Relationships in the modern world are like picking up a rental vehicle for the weekend or a road-trip. Its a lot of fun, zero maintenance, you do to your rental what you would never to do your own car. When you drop it off, its over and gone without a trace. That virginity is irrelevant today is at once a loss and a gain for women. She gains sexual equality with men, but she has as little freedom of sexual expression as she did before. When men thought it important for her to save it, she had to do so to comply and conform. Now that men don't care, she needs to make haste to loose it so she can be accepted by men.
Tuesday, September 12, 2006
I've never been inside either of them but from the outside they showed no signs of life. The commuity bus stops by at the local grocery stores sometimes. Seeing these old people makes me wonder about their lives in the fortress like communities. Do they savor each moment of a superannuated life when they finally have no responsibilities or do they merely wait for death to come ?
I once knew someone who lived in Sun City West in Phoenix. Her description of the daily life of people around her was nothing short of terrifying. N would say she had get out of there or the depression would kill her before old age did. Having no means of her own, escape was not an option - her younger siblings had decided what was best for her.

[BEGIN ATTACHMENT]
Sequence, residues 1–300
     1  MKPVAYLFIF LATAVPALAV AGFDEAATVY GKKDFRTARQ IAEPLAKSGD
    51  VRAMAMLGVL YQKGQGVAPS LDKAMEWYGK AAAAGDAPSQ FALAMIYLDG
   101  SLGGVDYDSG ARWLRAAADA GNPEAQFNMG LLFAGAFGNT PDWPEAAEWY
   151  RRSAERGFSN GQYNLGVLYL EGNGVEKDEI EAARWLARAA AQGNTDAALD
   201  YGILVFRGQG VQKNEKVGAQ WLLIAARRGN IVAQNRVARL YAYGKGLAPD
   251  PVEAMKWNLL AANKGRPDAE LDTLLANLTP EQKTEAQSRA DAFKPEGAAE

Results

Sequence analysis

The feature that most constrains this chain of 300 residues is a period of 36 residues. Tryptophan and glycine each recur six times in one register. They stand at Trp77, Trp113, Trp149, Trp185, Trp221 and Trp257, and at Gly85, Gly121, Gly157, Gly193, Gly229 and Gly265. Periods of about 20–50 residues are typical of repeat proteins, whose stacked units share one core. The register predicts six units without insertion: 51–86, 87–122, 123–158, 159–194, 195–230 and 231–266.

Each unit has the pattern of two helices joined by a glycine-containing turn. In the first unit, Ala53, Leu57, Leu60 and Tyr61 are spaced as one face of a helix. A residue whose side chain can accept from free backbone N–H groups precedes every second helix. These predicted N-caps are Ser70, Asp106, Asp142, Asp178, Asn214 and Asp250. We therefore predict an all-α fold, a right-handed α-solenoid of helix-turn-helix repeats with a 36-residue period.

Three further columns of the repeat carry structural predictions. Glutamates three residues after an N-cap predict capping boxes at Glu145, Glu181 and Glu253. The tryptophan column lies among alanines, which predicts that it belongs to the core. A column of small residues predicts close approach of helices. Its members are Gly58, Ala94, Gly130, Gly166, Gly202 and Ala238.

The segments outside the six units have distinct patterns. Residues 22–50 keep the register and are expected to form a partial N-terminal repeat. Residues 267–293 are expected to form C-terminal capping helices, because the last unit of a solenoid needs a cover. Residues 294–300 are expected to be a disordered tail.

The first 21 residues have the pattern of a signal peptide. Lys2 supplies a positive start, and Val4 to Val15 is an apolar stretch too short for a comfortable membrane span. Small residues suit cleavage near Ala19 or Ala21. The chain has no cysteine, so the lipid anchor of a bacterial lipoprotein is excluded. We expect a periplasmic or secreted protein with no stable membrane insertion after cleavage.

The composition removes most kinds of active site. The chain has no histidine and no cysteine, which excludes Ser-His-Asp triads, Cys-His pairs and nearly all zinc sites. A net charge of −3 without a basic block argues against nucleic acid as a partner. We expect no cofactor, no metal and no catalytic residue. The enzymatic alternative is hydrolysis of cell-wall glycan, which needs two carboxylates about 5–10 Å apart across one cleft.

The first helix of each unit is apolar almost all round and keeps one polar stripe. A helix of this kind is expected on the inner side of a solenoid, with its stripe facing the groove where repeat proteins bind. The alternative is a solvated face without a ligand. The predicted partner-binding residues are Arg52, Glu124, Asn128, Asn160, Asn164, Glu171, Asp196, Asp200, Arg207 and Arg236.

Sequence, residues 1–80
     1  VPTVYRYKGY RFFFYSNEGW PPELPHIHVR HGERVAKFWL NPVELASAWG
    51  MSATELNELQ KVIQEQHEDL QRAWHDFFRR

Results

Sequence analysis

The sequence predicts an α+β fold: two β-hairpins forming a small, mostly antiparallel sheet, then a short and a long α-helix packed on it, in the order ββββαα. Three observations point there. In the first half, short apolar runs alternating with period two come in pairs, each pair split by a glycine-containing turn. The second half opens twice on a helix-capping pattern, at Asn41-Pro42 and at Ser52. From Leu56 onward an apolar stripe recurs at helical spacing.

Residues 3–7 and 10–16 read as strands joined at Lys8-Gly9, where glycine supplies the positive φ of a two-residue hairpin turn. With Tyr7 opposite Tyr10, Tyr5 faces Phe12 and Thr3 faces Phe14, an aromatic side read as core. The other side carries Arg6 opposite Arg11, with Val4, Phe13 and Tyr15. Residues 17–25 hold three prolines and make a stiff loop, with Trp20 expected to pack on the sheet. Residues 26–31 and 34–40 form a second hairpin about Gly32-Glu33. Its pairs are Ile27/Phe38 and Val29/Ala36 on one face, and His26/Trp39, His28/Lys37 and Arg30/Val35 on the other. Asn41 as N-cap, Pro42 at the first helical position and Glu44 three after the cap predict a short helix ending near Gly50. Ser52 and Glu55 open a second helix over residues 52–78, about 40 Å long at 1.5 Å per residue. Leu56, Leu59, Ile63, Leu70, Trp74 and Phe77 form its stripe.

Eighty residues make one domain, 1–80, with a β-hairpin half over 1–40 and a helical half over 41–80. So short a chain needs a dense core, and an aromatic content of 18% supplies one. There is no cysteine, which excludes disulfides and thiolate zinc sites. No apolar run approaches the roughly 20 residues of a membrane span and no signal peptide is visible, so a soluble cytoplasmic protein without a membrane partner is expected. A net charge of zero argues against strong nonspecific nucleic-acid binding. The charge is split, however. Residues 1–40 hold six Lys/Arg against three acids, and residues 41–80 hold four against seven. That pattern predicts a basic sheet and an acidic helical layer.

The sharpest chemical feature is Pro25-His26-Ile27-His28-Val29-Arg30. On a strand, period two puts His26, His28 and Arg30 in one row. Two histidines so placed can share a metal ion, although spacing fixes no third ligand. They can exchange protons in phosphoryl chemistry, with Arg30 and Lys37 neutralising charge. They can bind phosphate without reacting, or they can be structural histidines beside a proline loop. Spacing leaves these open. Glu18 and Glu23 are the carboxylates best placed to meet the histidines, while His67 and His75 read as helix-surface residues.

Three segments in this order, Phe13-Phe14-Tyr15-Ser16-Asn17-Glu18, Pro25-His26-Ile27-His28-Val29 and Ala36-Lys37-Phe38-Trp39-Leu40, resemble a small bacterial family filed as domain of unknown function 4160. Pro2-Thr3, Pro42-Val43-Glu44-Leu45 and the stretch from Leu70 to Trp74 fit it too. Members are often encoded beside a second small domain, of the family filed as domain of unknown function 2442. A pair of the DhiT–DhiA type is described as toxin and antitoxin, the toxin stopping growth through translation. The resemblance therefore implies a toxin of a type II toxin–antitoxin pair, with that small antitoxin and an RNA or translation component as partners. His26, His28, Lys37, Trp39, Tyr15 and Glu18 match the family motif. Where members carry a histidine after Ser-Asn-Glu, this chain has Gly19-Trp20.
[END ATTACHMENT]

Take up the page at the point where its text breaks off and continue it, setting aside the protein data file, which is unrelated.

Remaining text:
Apartment living for seniors that fosters their artistic and creative talents is quite simply an amazing idea and long overdue.
The colony, Mr. Freedman said, “is a new hybrid that moves beyond that to actual creativity, to growth.” He added: “It’s not just writing memoirs and harvesting the past. It’s about producing new insights and work that is not only personally interesting but enriches the lives of neighbors.”
Monday, September 11, 2006
What better petri dish than Craigslist's Casual Encounters for a little social experiment - the results are fascinating but not wholly unexpected. I had always wondered about ads posted by married men who said they looking for a "discreet intimate relationship". How many bored suburban housewives and nymphomaniacs are out there to fill such a huge demand for their goods and services ?
As luck would have it, I ran into one such man online. When he first contacted me, I did my preliminary due diligence - included but not limited to Google, Zabasearch, Yahoo Groups - to ID who I was dealing with. There were inconsistencies. He was out there "as unhappily married and looking" in the adult oriented mailing lists and groups but as single on the more mainstream dating sites. Being that I was curious about his type, I went ahead and accepted his contact and started to chat online.
He was posing single, 6'2" tall, athletic with dark hair and brown eyes. I asked to see a picture and he looked like he had described himself - not hard on the eyes at all. The red flags came on thick and fast. Upon seeing my picture he said that I looked more Spanish or Italian than desi. That coming from a desi dude would have set off a hundred warning alarms even if I had not known his real identity. Within ten minutes, he was saying how he could not progress in a relationship without physical intimacy - that lack of compatibility in bed was a deal breaker.